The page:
Open-source mobile application server startup Funambol launched a beta version of a new product, Sync4j Portal, Tuesday. The free personal information management (PIM) portal software will enable users to wirelessly synchronize between address books and calendars on their computers and mobile devices, according to the company's chief executive officer.
The Sync4j Portal is "a way for people to have access to our technology so they can try it out," Fabrizio Capobianco, chief executive officer at Funambol, said in an interview Tuesday at the Open Source Business Conference (OSBC) East taking place in Newton, Massachusetts. The software supports a variety of mobile devices including mobile phones and iPods, he added.
The startup also plans to support push e-mail in the next release of its Sync4j software due out in 2006.
Taking a leaf out of Google Inc.'s book, Funambol will offer the Sync4j Portal beta in a similar way to what the search company did when introducing its Gmail Web mail software -- by inviting selected users to access the product -- according to Capobianco. "We'll keep it in beta until it's ready, so it can grow in a natural way, " he said, not committing to a launch date for the finalized software.
Adopting the Gmail approach to limiting the number of users downloading the portal, the startup can both ensure the software's quality and also not be overwhelmed by a large number of users all signing on to use the portal at once, Capobianco said. "It's a smart way to launch a service," he added. The beta version of the portal can be downloaded from www.funambol.net.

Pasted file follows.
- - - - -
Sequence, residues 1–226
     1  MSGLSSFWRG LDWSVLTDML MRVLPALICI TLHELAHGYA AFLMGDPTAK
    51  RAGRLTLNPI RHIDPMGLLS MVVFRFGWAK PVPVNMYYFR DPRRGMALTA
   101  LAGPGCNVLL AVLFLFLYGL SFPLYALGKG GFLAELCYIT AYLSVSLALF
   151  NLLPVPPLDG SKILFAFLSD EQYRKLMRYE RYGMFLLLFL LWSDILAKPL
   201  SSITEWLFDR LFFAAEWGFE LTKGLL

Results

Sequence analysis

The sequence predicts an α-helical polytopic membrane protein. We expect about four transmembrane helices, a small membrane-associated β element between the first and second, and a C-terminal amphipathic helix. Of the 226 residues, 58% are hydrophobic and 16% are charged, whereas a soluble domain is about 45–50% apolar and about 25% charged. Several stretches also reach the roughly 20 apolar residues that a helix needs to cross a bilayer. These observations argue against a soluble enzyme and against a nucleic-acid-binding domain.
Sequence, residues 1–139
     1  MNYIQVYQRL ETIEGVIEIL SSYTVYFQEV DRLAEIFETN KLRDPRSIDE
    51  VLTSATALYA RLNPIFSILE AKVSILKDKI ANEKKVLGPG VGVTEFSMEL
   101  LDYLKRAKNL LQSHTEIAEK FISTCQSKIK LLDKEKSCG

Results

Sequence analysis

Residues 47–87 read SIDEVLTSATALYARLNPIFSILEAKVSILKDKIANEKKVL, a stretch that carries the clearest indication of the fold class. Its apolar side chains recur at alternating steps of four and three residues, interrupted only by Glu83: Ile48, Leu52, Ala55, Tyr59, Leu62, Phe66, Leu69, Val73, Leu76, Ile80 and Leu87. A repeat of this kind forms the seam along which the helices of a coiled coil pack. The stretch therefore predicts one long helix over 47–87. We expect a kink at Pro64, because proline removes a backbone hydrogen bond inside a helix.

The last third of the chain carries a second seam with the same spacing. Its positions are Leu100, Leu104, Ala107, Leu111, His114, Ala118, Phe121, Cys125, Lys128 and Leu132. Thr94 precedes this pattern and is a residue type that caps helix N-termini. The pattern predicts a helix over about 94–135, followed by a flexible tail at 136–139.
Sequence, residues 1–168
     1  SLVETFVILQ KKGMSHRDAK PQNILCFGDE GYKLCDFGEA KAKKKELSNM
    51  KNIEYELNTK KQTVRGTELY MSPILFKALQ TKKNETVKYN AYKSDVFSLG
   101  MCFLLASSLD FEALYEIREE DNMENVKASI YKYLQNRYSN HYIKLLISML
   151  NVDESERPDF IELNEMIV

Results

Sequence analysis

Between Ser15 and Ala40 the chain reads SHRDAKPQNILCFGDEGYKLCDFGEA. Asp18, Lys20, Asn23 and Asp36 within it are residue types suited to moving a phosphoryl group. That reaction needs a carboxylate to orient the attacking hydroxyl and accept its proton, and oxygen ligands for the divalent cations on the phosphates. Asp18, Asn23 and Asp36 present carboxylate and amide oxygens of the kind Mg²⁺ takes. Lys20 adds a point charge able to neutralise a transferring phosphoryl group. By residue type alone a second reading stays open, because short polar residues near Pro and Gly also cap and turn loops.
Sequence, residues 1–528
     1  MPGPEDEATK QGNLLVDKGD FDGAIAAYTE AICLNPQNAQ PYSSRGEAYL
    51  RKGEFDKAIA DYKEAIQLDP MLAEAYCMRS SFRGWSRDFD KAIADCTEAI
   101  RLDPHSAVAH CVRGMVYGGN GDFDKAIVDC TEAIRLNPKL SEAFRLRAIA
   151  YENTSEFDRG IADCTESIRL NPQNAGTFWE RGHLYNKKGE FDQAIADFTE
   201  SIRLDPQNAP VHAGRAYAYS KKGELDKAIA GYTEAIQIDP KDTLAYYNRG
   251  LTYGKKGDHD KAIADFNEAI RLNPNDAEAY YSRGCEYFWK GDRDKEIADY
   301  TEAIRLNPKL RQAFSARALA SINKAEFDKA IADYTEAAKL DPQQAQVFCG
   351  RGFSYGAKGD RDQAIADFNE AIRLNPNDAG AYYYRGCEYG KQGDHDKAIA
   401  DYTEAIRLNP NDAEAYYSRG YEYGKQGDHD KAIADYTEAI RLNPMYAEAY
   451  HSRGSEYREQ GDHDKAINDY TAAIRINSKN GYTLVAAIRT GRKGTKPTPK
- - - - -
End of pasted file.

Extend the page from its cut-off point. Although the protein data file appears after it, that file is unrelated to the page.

Using the portal can help users access their existing data when upgrading to a new mobile device or replacing a lost or stolen device since the software maintains a secure free backup of the user's information, according to Capobianco. Other features include a smart-merge function designed to do away with data duplication, say multiple copies of an individual's contact details, along with an undo capability should an individual accidentally delete a chunk of their contacts, he said.
Funambol's Sync4j server is an open-source implementation of the Open Mobile Alliance Data Synchronization and Device Management standard, more commonly known as SyncML. The standard supports data mobility between devices, applications, servers and networks, and is included in the majority of wireless phones shipping this year worldwide, according to Capobianco.
As of October, there had been 200,000 downloads of Funambol's Sync4j server, he said. Forty percent of the downloads originated from the Americas, 30 percent from Asia and 30 percent from Europe, Capobianco said. In Asia, China was the number-one downloader followed by India, while in Europe, Germany was the top downloader, with the U.K. in second position, he added.
The startup is working on the next release of Sync4j, with an alpha version of the software due to appear by year-end, Capobianco said. The release will include push e-mail, the automatic transmission of e-mail messages from an individual's computer to mobile devices. The additional functionality will position Funambol as a "RIM killer," he added, alluding to Research In Motion and its BlackBerry wireless e-mail devices.
In its ongoing collaboration agreement with Nokia first announced in June, Funambol is working with the company on having the upcoming version of Sync4j with the e-mail push capability preinstalled in its phones including Nokia's upcoming E61 phone, which includes a keyboard in the handset, according to Capobianco.
The startup is also testing its software with other phone manufacturers including Motorola, Capobianco said.
Funambol is also working with fellow open-source companies enterprise collaboration software startup Zimbra and e-mail and calendaring vendor Scalix, Capobianco said. The aim is to come out with a "fully integrated open-source e-mail solution" next year, he said.
Funambol secured US$5 million in venture capital (VC) backing in its Series A funding round in August.
Funambol (pronounced "foo-nahm-ball") is a combination of the Latin words funis (rope) and ambulare (walking) to mean tightrope walker. The company's symbol is a stick figure holding a balancing pole as if navigating a tightrope.